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lack of sleep and weight gain

Sleep requirements vary with age and are particularly affected by lifestyle and health. Researchers cannot ascertain the exact amount of sleep required by people of different ages. However, sleep requirements differ from person to person in the same age group.

There is a big difference between the amount of sleep a person can get and the amount needed to function optimally. For example, if someone is able to function on six or seven hours of sleep, it doesn’t mean that if someone spends an extra hour or two in bed he or she won’t feel much better and get more done.

New recommendations for daily sleep requirements for adults by the National Sleep Foundation include:

  • Younger Adults (18-25) – Sleep range is 7-9 hours

  • Adults (26-64) – Sleep range is 7-9 hours

  • Older Adults (65+) – Sleep range is 7-8 hours

Newborns, infants, toddlers, children and adolescents have higher daily sleep requirements, which vary depending on their age.

Sleep deprivation occurs when a person gets less sleep than is needed to stay alert and alert. People differ on how little sleep is needed to be considered sleep deprived. Some people, such as older adults, appear to be more resistant to the effects of sleep deprivation, while others, especially children and young adults, are more vulnerable.

Science has linked lack of sleep to all kinds of health problems, from weight gain to a weakened immune system. Observational studies also suggest a link between lack of sleep and obesity. Similar patterns have also been found in children and adolescents.

The following mechanisms have been found behind the link between lack of sleep and weight gain –

increase in ghrelin level

In a study published in the Journal of Sleep Research in September 2008, it was found that one night of sleep deprivation increased ghrelin levels and feelings of hunger in healthy men of normal weight, while morning serum leptin concentrations were unaffected. . Thus, the results provide further evidence for a disturbing effect of sleep deprivation on the endocrine regulation of energy homeostasis, which may result in weight gain and obesity in the long term.

Ghrelin is a hormone produced in the gut and is often referred to as the hunger hormone. It sends a signal of hunger to the brain. Therefore, it plays an important role in controlling calorie intake and body fat levels.

interference with carbohydrate metabolism

Lack of sleep interferes with the body’s ability to metabolize carbohydrates and causes higher blood levels of glucose, which leads to higher insulin levels and greater body fat storage. In one experiment, scientists disrupted sleep enough to prevent participants from entering deep sleep, but not enough to wake them completely. After these nights of deep sleep, the subjects’ insulin sensitivity and glucose tolerance decreased by 25 percent.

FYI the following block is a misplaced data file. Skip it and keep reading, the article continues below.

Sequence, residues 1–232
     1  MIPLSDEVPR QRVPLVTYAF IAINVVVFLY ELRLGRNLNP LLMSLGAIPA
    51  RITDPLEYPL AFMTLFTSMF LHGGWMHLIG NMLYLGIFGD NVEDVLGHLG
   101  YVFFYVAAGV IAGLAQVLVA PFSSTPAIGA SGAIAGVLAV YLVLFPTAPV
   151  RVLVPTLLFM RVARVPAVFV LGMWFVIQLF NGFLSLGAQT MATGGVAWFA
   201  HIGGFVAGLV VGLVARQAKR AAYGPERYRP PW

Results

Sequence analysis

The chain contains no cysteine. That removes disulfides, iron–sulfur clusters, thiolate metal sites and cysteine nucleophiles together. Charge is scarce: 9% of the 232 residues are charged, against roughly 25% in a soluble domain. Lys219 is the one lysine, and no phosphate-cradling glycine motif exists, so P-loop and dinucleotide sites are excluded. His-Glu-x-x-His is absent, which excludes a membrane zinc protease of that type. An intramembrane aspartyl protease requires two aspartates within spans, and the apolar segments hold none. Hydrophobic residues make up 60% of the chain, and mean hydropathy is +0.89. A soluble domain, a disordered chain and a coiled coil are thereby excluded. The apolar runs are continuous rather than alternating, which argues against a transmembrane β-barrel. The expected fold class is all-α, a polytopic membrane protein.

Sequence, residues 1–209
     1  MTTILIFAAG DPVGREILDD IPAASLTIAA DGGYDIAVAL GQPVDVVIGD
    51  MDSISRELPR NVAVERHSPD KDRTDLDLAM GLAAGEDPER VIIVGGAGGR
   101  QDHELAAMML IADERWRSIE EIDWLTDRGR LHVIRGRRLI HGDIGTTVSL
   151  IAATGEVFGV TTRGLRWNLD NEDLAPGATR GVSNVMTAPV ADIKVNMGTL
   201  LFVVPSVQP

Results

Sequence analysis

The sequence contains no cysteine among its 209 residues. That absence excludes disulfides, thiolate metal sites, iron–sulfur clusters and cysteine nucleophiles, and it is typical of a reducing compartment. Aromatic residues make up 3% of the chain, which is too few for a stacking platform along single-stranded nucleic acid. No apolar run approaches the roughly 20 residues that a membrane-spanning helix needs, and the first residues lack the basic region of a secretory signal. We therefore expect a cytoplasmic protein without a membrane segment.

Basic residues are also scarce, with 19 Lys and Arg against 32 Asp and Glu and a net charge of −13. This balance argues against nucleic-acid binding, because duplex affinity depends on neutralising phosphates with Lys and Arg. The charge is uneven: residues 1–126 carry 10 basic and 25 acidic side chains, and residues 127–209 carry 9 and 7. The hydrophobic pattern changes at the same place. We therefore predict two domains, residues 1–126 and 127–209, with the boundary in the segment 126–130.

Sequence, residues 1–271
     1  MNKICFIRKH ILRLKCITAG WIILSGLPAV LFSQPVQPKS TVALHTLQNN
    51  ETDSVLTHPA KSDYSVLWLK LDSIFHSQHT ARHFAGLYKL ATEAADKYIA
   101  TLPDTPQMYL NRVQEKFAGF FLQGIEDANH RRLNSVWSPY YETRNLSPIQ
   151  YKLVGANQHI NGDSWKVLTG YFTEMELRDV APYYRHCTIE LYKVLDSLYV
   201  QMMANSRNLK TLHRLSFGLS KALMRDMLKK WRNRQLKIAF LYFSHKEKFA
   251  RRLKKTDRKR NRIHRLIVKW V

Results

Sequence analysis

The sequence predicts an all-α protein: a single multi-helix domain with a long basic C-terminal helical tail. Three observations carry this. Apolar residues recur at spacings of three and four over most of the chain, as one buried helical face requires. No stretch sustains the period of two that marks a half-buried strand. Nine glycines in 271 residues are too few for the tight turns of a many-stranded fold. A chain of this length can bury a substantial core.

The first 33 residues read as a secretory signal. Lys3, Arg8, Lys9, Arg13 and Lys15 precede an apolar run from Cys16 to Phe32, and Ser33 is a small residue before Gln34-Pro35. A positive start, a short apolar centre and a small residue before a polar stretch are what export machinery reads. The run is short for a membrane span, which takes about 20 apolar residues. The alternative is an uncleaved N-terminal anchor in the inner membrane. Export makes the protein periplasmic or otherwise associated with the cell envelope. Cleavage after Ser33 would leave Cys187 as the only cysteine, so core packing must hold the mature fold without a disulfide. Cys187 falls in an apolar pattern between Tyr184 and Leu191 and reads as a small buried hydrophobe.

growth hormone deficiency

Lack of sleep reduces levels of growth hormone – a protein that helps control the body’s ratio of fat and muscle. Experts estimate that 75 percent of human growth hormone is released during sleep. Deep sleep is the most restorative of all the stages of sleep. During this stage of sleep, growth hormone is released and works to restore and rebuild our bodies and muscles from the stresses of the day.

Increase in craving to eat high-calorie junk food

Sleep deprivation, even for one night, causes marked changes in the way our brains respond to high-calorie junk food. On days when people don’t get proper sleep, sugary foods like potato chips and sweets stimulate strong responses in a part of the brain that helps control the motivation to eat. But at the same time, they experienced a sharp decrease in activity in the frontal cortex, a high-level part of the brain where consequences are weighed and rational decisions are made.

Increase in cortisol

Researchers have found that lack of sleep increases levels of the hormone cortisol and other markers of inflammation.

Decreased resting metabolic rate

There is evidence that lack of sleep can lower the body’s resting metabolic rate. It is the number of calories expended by our body when we are at complete rest. It is affected by age, weight, height, gender and muscle mass. This needs further validation but one contributing factor appears to be that poor sleep can lead to muscle loss.

Bottom-line –

Apart from this, eating right and exercising regularly, getting good sleep is an important part of weight maintenance. Therefore, establishing healthy sleeping habits can help our body maintain a healthy weight.



Source by Dr. Pran Rangan

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